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Healthy Shades of Sweet

Stevia

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The ongoing demand for sugar alternatives is evident in the vast markets for both artificial and natural sweeteners.

Though there exist ‘natural’ sweeteners like honey and agave nectar neither contains any real nutritious value. In fact, they can be as hazardous to your health as sugar.

Luckily, with these ‘bad’ sugars, nature has also provided a few sweeteners that are safe and beneficial to your health. Stevia is nature’s answer to calorie free sweeteners.

Extracted from the Stevia rebaudiana leaf, it is 400 times sweeter than sugar. Because of this, Stevia can achieve the same amount of sweet as sugar in smaller doses, which accounts for it being non-caloric.

Stevia is still a newer concept to countries like the United States but by no means is it a health fad. On the contrary, it has been used in Asia and South America for centuries. Though not yet mainstream to the U.S. market, Stevia can be found at most grocery and health food stores. (You know its getting acceptance when generic versions are sprouting up.)

Extensive research shows Stevia does not affect blood glucose or insulin levels, making it suitable for diabetics. Because Stevia is heat resistant, it can be used in cooking and baking or sprinkled into hot beverages. To make things sweeter, Stevia does not contribute to tooth decay the way sugars do. You can find Stevia in crystal, powder, or liquid form.

A more common sweetener among households, black strap molasses is the nutrient dense by-product of sugar processing. One serving of molasses provides great sources of calcium, iron, copper, potassium, manganese, and magnesium – and only 32 calories. At two teaspoons per serving, it’s all just a spoon stir away.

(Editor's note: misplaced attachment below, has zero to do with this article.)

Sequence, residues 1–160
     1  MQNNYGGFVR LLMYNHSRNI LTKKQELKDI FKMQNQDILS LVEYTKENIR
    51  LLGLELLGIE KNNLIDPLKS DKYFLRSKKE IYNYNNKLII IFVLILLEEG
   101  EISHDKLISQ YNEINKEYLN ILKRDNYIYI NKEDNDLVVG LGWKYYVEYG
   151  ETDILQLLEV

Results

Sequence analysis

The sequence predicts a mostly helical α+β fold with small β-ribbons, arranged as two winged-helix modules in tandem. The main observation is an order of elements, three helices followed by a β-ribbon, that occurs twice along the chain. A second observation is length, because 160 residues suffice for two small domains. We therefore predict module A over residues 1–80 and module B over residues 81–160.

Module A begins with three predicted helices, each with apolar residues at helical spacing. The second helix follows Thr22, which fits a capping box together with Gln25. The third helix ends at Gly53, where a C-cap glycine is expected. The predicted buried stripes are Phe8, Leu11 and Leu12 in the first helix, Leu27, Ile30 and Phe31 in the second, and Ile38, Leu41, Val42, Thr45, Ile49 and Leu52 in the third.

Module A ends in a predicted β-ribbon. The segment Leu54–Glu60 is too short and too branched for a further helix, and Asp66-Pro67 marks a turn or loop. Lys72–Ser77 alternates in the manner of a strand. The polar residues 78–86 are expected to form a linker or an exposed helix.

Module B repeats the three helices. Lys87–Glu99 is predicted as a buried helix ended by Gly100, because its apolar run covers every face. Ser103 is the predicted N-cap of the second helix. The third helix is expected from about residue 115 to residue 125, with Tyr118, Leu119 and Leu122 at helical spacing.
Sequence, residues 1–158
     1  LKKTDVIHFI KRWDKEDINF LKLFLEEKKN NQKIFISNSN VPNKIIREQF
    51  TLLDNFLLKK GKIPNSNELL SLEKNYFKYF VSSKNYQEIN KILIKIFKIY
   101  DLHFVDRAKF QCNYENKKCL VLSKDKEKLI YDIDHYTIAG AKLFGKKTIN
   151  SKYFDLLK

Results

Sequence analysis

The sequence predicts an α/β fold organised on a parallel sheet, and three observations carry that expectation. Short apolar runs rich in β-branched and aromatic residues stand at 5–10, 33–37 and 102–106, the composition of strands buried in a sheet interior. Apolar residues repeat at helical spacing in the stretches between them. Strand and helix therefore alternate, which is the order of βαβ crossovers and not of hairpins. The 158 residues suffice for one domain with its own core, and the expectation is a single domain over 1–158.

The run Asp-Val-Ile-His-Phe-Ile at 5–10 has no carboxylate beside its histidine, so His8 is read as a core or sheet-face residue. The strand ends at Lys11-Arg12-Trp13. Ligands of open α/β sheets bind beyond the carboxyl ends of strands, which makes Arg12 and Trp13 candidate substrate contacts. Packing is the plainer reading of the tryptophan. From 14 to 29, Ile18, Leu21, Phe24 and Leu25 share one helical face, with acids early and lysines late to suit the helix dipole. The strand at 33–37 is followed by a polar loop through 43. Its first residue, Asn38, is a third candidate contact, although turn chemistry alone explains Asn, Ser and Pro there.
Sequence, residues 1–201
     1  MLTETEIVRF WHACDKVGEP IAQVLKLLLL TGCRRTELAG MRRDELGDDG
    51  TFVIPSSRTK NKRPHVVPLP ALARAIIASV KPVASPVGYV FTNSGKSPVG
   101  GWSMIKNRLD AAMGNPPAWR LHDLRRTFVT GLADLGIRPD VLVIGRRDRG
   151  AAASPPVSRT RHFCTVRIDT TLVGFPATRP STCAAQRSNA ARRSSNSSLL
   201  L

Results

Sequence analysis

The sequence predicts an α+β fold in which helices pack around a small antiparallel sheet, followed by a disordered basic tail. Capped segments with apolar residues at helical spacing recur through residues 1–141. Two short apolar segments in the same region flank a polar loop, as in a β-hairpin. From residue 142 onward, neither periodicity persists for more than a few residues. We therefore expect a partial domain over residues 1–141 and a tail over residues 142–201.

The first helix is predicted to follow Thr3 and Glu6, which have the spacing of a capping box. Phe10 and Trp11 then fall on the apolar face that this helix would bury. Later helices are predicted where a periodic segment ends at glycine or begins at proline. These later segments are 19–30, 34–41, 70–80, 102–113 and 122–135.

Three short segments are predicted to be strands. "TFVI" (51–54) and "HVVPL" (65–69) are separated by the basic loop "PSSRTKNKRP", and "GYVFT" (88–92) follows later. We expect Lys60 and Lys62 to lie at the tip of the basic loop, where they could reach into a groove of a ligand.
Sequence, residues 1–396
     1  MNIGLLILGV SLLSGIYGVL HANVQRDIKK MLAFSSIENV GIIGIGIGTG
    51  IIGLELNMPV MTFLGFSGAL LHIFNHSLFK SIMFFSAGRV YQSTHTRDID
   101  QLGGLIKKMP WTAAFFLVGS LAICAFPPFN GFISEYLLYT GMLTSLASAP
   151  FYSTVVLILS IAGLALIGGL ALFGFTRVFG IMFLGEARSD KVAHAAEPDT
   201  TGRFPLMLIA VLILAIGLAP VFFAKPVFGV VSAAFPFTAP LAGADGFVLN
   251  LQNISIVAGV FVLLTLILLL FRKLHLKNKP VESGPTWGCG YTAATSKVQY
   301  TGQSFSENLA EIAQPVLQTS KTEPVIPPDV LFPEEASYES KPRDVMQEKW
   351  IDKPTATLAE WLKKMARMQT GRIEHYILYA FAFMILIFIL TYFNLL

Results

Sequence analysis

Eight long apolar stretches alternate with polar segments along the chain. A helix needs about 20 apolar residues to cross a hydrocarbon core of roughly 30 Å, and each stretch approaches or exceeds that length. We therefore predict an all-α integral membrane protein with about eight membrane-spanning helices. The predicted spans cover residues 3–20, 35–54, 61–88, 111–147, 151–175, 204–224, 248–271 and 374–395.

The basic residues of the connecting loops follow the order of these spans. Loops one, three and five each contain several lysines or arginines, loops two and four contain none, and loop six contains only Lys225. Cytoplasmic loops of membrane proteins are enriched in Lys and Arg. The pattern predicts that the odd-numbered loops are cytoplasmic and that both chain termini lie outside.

With a rich, bittersweet flavor, molasses not only gives gingerbread its distinctive flavor but also is a defining addition to savory foods like black beans. Its scent and texture can add a soothing touch to a cup of tea, especially if you have a sore throat. When you are picking out molasses, make sure to get the unsulphured variety to avoid the processing chemical, and ensure a more clarified taste.

Among the coconut tree’s many talents (totaling over a thousand for those counting) is its ability to produce a sap that is both delicious and nutritious. This sap is harvested to create coconut sugar. Not to be confused with palm sugar, which has a different glycemic index, coconut sugar contains a low 35-54 GI per serving, making it safe for diabetics.

Among the many nutrients in coconut sugar are those that keep bones and joints healthy, including magnesium, calcium, phosphorous, and boron. It is also rich in zinc, which has been called the “nutrient of intelligence” because it is necessary for mental development. At present, you may find coconut sugar online or at health food stores. Check local Asian stores as well. To be certain you have real coconut sugar, rather than a different type of palm sugar, check the label. If it reads 100% coconut palm or coconut sap, then you’re good to go.

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